When did people first measure that the Earth was closest to the Sun during January?

  • When we talk about the reason for the seasons, we usually have to dispel the misconception that seasons are caused by being close and far away in the Earth's elliptical orbit.



    And usually, we mention that the Earth is actually closest to the sun in January, in the dead of winter (for the Northern hemisphere).



    But when did astronomers first have the Earth's orbit measured carefully enough that they knew the Earth was slightly closer during January? How was that measurement made? How accurate were the first measurements?



    They didn't they measure the size of the disk of the sun very, very carefully, did they? Perhaps with a pin-hole camera? That seems like it would be very difficult to do.



    Additional



    I guess if we are talking about long enough ago, they would have thought it was the Sun's orbit that brought it closer because either because of an eccentric (the idea that the orbit of an ancient planet had a center that was offset) or because of epicycles bringing the Sun closer on the circle on a circle.



    I just wonder what sort of observation they might have made.



    One of the nicest comparisons I've seen can be found here.
    enter image description here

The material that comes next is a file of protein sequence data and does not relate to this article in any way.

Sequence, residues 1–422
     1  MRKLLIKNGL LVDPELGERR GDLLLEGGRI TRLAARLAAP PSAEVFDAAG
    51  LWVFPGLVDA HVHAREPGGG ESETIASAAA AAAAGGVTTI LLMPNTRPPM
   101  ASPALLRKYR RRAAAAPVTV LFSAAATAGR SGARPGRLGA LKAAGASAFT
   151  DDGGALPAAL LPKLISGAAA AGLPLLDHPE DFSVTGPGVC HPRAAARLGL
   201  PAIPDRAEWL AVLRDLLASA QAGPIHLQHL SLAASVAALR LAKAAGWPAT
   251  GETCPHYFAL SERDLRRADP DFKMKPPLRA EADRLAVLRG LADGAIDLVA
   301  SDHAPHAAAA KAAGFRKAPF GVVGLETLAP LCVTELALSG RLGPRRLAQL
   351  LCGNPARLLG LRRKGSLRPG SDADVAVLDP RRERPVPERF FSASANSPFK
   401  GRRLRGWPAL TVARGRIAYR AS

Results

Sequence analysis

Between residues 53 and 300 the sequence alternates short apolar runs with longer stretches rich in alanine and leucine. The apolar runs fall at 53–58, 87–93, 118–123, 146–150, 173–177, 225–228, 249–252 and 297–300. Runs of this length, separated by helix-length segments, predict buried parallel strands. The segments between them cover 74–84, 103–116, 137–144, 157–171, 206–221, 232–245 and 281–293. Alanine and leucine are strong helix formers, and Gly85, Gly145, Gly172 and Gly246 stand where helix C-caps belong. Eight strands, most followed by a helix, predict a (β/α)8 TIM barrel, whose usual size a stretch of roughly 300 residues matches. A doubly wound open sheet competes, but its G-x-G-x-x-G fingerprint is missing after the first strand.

If it was me with the tools available in ancient times, I'd probably use a rotatable camera obscura, and maybe a cone with markings to place at the center of the image of the sun, to exaggerate the effect of the size differences.



    Second Additional



    Based on JdeBP's answer I want to see if I have the correct concept. (I would put this in comments, but comments can't be nicely formatted.)



    Doing a search for the dates and times of the solstices and equinoxes, and finding the time between those dates and times, I found the lengths of the upcoming seasons.



    Summer 2020 is 93 days, 15 hours, 47 minutes



    Fall 2020 is 89 days, 23 hours, 0 minutes



    Winter 2020 is 88 days, 21 hours, 7 minutes



    Spring 2021 is 92 days, 17 hours, 54 minutes



    Summer 2021 is 93 days, 15 hours, 49 minutes



    If we subtract from 1/4 of an astronomical year, we get about:
    $$
    \begin{matrix}
    Spring & +1.4 \: days & & Summer & +2.4 \: days \\
    Fall & -1.4 \: days & & Winter & -2.4 \: days
    \end{matrix}
    $$

    From there it seems like with a geocentric model with an eccentric, we could get a good approximation for the date of perihelion.



    I'll have to think about the details of how to get there, though.


    I don't want to make an answer, as I'm not well read on this, nor do I have a strong source that suggests he knew of the January perihelion, but Ptolomy's use of an equant implies a recognition that the Sun passed closer to and further from the Earth every year. He also used epicycles, so again, some uncertainty as the size and period of the epicycle could undo most of the variation from the equant. A 3% variation in size shouldn't be that hard to measure, even by ancient methods, so it may have been known as early as Ptolomy or even earlier.